The redox state of human serum albumin (HSA) has attracted interest as a possible biomarker for oxidative stress (OS) in humans. Although previous studies on this topic have taken only clinical settings into consideration, evidence of its efficacy in nonclinical settings remains to be established. The present study aimed to examine and validate the relationship between HSA redox state and renal function in a rural Japanese population. We analyzed two independent data sets from health checkup programs conducted in 2013 and 2016: one for discovery (n = 267) and the other for replication (n = 367). The fraction of human mercaptalbumin (HMA) to total HSA [f(HMA)] was determined using our revised method of high-performance liquid chromatography with post-column bromocresol green. The estimated glomerular filtration rate (eGFR) was calculated based on each individual’s serum creatinine value, sex, and age. Adjustment for potential confounders revealed positive associations of fraction of human mercaptalbumin [f(HMA)] with eGFR in the discovery and replication analyses (P < 0.001 and P = 0.03, respectively). Multivariate logistic regression analyses demonstrated significant inverse associations between renal dysfunction (defined as eGFR < 60 ml·min-1·1.73 m-2) and f(HMA) by a factor of 0.50 and 0.65 (confidence intervals of 0.26–0.91 and 0.37–1.00), respectively, with a unit of 10% f(HMA). Our results indicate that HSA redox state is consistently associated with renal dysfunction in both clinical and nonclinical settings.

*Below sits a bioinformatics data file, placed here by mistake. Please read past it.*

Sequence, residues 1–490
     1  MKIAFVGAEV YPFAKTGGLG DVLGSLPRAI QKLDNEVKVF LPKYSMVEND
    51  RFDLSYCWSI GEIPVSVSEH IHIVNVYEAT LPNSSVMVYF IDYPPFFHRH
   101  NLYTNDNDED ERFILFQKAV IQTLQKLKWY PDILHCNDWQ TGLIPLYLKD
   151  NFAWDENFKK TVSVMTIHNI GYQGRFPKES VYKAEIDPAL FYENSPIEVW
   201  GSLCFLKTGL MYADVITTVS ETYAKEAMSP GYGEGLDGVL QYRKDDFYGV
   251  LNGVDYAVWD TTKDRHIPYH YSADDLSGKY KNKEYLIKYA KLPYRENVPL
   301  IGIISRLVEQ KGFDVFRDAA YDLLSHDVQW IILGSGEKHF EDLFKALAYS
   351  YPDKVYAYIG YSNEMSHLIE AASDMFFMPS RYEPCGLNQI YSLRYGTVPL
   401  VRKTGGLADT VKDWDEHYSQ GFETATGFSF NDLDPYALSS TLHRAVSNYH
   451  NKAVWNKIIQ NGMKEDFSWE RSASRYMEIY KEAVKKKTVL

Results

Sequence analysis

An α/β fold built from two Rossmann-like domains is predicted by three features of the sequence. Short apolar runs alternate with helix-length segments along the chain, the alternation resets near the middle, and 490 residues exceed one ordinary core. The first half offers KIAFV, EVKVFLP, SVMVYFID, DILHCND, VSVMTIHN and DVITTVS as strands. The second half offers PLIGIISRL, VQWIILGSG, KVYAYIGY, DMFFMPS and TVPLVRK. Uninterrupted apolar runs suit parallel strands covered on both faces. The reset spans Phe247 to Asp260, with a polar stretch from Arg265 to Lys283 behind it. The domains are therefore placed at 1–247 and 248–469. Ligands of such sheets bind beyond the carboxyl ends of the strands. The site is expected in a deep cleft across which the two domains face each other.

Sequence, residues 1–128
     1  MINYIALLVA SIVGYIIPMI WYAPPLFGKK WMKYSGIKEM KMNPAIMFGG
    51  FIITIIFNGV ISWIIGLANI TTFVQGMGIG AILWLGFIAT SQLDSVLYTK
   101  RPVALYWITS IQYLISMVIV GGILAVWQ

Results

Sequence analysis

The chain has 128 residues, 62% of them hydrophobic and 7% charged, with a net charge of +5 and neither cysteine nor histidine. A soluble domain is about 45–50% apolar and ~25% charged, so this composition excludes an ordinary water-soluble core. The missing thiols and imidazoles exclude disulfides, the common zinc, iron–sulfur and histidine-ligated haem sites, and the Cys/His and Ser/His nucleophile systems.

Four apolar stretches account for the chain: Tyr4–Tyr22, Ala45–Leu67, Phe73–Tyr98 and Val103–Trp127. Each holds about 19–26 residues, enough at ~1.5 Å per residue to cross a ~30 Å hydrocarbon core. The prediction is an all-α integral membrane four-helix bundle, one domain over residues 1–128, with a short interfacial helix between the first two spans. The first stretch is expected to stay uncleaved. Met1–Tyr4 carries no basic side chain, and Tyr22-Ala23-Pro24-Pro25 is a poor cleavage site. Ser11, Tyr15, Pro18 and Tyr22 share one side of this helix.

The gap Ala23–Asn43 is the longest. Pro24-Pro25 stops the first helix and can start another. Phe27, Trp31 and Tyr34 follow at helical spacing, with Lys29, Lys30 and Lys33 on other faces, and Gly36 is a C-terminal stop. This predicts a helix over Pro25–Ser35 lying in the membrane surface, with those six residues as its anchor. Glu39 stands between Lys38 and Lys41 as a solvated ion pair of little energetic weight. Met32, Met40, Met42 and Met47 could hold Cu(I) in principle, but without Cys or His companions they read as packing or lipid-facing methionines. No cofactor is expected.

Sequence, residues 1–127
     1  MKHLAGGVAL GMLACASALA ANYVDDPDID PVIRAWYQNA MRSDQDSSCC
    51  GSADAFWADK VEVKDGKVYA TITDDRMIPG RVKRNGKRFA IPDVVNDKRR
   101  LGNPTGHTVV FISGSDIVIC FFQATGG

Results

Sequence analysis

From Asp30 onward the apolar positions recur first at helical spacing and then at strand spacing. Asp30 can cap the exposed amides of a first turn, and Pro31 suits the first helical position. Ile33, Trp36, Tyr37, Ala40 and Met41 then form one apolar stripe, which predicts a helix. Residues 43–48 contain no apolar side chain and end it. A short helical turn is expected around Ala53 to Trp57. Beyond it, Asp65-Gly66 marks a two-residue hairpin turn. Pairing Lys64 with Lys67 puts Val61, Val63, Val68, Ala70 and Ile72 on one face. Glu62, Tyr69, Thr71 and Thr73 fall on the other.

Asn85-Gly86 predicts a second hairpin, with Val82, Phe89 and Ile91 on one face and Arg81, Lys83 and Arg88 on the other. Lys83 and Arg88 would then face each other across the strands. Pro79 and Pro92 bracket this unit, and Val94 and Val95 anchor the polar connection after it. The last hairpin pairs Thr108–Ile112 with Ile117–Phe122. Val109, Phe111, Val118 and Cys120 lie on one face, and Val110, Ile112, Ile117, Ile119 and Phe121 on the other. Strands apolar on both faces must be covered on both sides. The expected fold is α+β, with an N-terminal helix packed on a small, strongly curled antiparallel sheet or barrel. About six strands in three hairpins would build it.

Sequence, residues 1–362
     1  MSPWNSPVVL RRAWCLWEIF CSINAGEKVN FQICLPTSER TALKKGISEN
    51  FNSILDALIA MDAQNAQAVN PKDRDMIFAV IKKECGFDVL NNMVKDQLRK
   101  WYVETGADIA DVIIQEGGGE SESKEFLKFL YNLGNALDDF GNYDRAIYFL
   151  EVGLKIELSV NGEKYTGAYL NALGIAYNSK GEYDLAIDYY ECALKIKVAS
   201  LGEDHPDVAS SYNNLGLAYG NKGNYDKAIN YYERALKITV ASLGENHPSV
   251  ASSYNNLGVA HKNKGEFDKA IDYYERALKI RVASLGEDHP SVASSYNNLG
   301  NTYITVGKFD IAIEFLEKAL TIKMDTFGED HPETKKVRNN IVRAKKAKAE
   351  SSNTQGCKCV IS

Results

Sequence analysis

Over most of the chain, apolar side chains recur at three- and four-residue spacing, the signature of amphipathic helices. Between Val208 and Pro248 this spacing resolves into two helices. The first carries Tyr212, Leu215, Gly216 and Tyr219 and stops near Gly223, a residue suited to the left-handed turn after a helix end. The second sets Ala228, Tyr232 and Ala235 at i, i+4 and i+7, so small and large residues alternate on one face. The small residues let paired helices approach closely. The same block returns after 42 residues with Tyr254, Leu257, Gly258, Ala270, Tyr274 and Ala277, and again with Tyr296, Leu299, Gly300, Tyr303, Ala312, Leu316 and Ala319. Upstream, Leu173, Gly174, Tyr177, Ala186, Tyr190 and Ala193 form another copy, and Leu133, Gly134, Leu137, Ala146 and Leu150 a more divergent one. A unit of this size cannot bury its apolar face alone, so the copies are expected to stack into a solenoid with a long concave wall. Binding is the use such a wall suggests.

All Science Journal Classification (ASJC) codes